NMR Greenway Community
Design Workshop Options
for Creative Inquiry
Pittsburgh Department of City Planning
input and involvement to achieve a healthy urban ecosystem, improving recreational,
educational and aesthetic values and finally resolving the century old problems
of water quality
1. Clean the stream and keep it clean
2. Manage the stormwater
3. Restore and support a healthy diverse ecoystem
4. Link Frick Park to the Monongahela River
5. Provide recreational opportunities
6. Provide educational opportunities
7. Provide a model of institutional partnerships, involve municipalities and
8. Enhance regional and neighborhood assets, quality of life and property values
Click on each board for an interactive
content was developed by the NMR team, final graphic design by Suzy Meyer of
Node 1: Braddock
Cultural Restoration, images of a new relationship to stormwater and lost
Water flow is a safety concern. Invitation for more people to
view a natural phenomenon, means we have to address the safety concerns.
- Culvert steps
should be designed for sitting and watching and provide access for maintenance
- Establish a warning
system for storm surge, provide points of egress.
- Public art
opportunity whereby/bells or other devices can be activated by storm
- Establish a "stream
mark" beginning at Braddock Ave. which can be used to outline the culverted
stream in the upper watershed communities
community ed center/info at foodland entrance
- Target homeowners
to education about benefitting the stream
- Explore corporate
sponsorship of homeowner retrofit
- Municipal partnerships
should be highlighted here
- Celebrate the
- Create cultural
access to the park
- Encourage community
education through pro-active signage and icons
- Address difficult
- Constrain access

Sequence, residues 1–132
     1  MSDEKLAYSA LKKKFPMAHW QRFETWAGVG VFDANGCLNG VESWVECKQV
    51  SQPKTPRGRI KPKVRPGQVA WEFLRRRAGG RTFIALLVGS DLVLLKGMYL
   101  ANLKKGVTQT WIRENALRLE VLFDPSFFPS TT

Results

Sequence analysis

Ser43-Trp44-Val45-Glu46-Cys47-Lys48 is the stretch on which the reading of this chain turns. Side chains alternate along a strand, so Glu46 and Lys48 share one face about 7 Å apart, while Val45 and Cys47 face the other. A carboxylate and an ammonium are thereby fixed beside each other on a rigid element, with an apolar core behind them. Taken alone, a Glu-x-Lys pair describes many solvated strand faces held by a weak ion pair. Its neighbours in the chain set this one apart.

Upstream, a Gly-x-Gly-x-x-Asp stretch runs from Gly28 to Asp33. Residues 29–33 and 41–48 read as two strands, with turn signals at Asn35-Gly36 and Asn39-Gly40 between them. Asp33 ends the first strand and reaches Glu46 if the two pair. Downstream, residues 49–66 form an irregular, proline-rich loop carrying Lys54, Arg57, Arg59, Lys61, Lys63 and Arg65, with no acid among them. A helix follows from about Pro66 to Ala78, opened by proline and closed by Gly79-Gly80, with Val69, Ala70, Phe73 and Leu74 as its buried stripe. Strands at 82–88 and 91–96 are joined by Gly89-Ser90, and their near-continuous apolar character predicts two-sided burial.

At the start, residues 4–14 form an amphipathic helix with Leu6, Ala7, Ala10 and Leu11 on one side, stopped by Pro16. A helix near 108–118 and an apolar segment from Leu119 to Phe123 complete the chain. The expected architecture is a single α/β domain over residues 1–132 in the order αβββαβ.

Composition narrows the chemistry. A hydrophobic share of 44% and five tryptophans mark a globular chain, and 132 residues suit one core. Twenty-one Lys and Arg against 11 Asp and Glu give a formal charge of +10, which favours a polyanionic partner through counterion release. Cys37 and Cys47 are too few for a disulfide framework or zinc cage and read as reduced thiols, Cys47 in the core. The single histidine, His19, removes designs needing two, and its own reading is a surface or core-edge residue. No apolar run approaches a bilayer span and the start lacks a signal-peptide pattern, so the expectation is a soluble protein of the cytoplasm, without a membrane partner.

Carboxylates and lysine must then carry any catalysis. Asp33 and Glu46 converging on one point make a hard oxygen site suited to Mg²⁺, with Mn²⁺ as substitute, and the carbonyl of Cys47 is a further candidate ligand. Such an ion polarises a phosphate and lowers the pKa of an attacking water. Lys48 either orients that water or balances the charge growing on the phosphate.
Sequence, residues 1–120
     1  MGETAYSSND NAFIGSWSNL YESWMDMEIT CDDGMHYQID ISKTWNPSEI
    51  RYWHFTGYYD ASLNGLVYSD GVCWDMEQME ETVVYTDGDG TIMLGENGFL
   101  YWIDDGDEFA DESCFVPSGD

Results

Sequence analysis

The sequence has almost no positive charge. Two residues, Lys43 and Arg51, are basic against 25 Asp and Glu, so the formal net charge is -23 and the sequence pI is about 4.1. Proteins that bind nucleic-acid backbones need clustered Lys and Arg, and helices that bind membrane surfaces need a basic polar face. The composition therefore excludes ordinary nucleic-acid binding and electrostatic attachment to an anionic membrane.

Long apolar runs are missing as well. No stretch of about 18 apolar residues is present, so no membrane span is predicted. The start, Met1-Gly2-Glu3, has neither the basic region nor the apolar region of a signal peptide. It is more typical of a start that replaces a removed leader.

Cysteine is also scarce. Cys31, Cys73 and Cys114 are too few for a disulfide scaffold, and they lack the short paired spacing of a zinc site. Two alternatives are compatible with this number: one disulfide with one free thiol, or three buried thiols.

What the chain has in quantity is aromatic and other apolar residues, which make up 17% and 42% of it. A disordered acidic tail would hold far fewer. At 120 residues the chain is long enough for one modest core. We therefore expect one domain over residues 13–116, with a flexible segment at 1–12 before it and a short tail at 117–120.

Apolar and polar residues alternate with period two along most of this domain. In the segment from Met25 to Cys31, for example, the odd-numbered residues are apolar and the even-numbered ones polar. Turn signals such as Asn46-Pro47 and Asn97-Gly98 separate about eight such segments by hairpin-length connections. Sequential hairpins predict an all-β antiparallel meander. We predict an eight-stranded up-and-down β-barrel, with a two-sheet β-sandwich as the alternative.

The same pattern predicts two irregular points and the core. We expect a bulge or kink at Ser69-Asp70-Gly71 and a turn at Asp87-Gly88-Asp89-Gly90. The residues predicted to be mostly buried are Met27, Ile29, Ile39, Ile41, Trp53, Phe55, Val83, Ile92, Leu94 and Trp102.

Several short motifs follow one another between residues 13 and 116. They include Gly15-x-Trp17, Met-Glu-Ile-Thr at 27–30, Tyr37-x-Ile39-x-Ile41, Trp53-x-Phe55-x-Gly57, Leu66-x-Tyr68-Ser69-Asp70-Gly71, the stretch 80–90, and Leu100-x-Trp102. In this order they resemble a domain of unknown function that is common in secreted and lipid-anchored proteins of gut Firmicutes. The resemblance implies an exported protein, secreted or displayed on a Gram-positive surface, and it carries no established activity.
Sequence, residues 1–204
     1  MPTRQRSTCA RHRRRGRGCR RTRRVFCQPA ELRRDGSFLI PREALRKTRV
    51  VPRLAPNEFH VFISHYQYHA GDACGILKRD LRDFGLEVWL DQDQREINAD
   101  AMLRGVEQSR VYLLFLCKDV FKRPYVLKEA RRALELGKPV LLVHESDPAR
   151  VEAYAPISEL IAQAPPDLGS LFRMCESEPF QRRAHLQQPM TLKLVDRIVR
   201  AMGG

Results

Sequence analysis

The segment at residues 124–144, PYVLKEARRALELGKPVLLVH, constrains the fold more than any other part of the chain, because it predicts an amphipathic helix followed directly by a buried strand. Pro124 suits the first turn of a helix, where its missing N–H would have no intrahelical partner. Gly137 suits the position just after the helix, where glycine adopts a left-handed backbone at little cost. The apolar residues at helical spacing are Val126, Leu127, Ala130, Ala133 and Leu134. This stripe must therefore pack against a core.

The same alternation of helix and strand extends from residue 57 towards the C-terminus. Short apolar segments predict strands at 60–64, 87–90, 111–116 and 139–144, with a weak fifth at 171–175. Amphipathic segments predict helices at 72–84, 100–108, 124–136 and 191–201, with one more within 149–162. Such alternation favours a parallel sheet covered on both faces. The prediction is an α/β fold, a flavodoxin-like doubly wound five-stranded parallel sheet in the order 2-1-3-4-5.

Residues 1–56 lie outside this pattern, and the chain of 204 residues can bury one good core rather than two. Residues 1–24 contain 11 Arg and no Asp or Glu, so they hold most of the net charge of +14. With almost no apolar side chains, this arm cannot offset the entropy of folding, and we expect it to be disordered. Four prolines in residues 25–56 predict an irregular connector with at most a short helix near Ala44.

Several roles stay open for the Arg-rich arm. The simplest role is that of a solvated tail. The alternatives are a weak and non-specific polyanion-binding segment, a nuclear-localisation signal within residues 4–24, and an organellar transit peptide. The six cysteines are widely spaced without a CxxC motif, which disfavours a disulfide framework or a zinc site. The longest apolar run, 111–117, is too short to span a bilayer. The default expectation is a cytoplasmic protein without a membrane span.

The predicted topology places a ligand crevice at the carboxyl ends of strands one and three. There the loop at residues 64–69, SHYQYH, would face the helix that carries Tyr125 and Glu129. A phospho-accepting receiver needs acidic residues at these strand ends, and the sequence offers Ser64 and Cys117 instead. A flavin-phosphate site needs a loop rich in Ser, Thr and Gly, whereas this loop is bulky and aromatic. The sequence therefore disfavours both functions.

to the culvert
- Floatables control
- collect debris, allowing for the flow of water
- Traffic at the
entrance is a problem
- Action: Focus
on the design as a local PEDESTRIAN access point
- Should allow maintenance
equipment, and cleanout access to the stilling pond
- Maintain parking
Node 2: Frick
- Ecological restoration
which separates the stream ecosystem from sewer infrastructure
- Restore the floodplain,
stabilize waterflow and minimize sewage impact
model for region
- CSO management
model for country
- Transform the
lower Frick Park experience
- Create a better
ballfield in a new location
- Add stream meanders
and flood plain
- Use natural materials
and minimize concrete wherever possible.
- Design, plan and
- Interpret, information-
education and establishing signage
- Trail design for
- Create limited
walkways in sensitive areas for ADA access and education
- Reconsider parking-
Fern Hollow Creek relationship
- Make sure peak
parking use is accommodated
- Design with
permeable surface or other appropriate stormwater applications
Node 3: Commercial
A meadow restoration would provide the best possible design
solution given the greenway goal of restored and supported healthy diverse
An integrated design including a ballfield,
a meadow restoration and an interpretive center on this singular site.
Each element should embrace multi-benefit solutions and a green design
program targeting innovative structure, utilities and systems.
a Commercial Avenue pedestrian crossway just south of the parkway bridge
with user-activated traffic control
- Use the Summerset
entrance and its periphery for vehicular access and parking
- Create a sidewalk
on the URA (slag) side of the road
- Put the interpretive
center close to the stream but visible from the pedestrian crossing
- If the Commercial
Avenue bridge is reconstructed, refurbish the underpass in such a way
as to be wildlife friendly
- Design the
playing field to mitigate stormwater flow
- Preserve as much
meadow as possible